|Posted by RECIVS on January 7, 2014 at 3:50 PM|
After spending some time experimenting with the Character Creation system I've finally put together a first set of monsters for Advanced DR&D 2.0
The new Monster Cards deck will have 120 cards: 107 monsters and 13 traps. Traps will be discussed in an upcoming entry. The deck includes the 79 original monsters from all versions of Dungeon! as well as 28 additional ones inspired in the D&D universe.
As you may see, there will be a few more monsters than the maximum required (80 rooms+18 creatures in 6 chambers=98 required monsters) I made this design decision expecting varied sets of monsters between games as well as rendering virtually impossible for the players to track which ones are left to appear, as few cards will always remain unused in the deck to the end of the game. I would love to hear your opinions on this matter.
The new system is quite simple but turned out to be very flexible and productive, given the varied dice pool mechanic used. Literally thousands of combinations are possible by mixing just four basic attributes: Defense, Attack, Magic Resistance and Life Points.
This new system has been thoroughly described in our previous Development Update published more than three of months ago. Using the guidelines described there I was able to create a "universe" of 9,324 different combinations as shown in the document attached, from which I picked my 107 candidates. No version of Dungeon! has offered this vast array of monsters.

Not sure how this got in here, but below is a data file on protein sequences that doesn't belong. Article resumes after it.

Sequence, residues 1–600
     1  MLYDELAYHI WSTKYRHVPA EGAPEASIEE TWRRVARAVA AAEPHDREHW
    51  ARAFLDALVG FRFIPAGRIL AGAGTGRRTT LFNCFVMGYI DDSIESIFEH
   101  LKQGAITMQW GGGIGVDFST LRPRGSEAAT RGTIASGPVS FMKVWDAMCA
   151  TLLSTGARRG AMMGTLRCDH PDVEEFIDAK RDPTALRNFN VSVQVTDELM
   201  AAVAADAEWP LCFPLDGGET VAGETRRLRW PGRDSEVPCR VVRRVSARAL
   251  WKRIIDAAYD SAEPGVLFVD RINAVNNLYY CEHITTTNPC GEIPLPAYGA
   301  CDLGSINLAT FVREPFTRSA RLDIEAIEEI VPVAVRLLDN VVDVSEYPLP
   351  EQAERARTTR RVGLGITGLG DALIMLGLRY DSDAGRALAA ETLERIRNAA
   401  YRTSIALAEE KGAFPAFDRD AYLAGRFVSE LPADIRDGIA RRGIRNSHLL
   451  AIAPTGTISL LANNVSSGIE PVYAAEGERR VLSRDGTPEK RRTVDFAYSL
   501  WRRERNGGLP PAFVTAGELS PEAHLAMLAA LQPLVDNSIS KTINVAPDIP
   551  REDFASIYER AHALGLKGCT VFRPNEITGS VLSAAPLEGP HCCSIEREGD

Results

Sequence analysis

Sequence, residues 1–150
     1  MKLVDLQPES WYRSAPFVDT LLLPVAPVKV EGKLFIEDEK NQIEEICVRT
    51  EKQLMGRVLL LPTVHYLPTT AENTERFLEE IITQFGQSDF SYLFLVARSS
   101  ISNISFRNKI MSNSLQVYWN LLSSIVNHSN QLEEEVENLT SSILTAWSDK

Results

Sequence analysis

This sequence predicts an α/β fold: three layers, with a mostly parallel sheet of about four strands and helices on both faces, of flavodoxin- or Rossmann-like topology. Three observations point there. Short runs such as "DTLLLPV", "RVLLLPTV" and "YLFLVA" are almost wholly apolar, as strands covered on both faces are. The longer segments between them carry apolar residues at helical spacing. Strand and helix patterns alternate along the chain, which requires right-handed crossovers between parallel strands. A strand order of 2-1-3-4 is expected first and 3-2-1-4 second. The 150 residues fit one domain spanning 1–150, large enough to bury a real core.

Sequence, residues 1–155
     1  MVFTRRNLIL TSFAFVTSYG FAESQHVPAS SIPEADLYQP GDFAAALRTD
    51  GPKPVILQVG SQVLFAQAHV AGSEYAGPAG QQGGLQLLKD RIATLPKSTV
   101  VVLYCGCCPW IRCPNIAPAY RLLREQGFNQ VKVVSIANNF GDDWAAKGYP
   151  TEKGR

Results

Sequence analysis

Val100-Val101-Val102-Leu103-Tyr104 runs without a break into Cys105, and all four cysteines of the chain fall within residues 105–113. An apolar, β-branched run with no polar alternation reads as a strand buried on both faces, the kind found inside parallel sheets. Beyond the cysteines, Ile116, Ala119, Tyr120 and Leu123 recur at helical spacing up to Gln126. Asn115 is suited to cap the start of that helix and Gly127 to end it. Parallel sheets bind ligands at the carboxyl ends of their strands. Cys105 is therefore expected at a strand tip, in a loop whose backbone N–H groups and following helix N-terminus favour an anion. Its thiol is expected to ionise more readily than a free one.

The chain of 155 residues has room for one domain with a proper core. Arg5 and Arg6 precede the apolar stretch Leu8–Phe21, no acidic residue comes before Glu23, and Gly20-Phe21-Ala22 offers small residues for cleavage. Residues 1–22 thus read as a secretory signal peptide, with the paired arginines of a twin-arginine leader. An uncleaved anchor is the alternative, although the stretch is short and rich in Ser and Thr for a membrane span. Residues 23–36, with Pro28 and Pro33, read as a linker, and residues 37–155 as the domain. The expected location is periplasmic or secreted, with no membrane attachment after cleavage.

Most of the monsters in DR&D resemble their Dungeon! counterparts and preserve their relative strengths and weaknesses between each other. However, specific attributes have been allocated and tailored to suit our own design, therefore they’re not always in harmony with the originals or their counterparts in the D&D universe, though I’m sure more adjustments and refinements will find their way into the final version.
Having exposed the above, here are the details of the new design and sorting patterns:
The monsters of DR&D are sorted into 3 levels: 1, 2 and 3.
Each level is divided into 3 LP Groups depending on their LP allocation (low, med or high)
Example: Level 1 includes monsters with 2, 3 and 4 LPs. Level 2 with 4, 5 and 6 LPs. Level 3 with 6, 7 and 8 LPs.
Every LP Group is divided into 3 Attack Strength Groups depending on their attack strenght (low, med and high).
Example: Level 1 monsters may attack with 2, 3 or 4 maximum hits, Level 2 monsters with 4, 5, 6 or 7 and Level 3 monsters with 8, 9, 10, 11 or 12.
The maximum hits possible for a monster come in different configurations. Obviuously some configurations will tend to hit more than others, therefore have been sorted in the same 25/50/25 pattern.
Example: 5 max hits may be completed either with 1 Red die and 1 Yellow die, or 1 Red die and 1 Orange oie, or 1 Red Die and 2 White dice and so on.
According to the above, the monsters are sorted in the following way (roughly):
25% of the monsters are Level 1
50% Level 2
25% Level 3
Whitin each level:
25% of the monsters are low (LPs)
50% are medium (LPs)
25% are high (LPs)
Whitin each LP group:
25% of the monsters are low (max hits)
50% are medium (max hits)
25% are high (max hits)
Whitin each Attack Strenght group:
25% of the monsters have low chance to hit
50% have medium chance to hit
25% have high chance to hit.
The rationale behind the design goes as follows: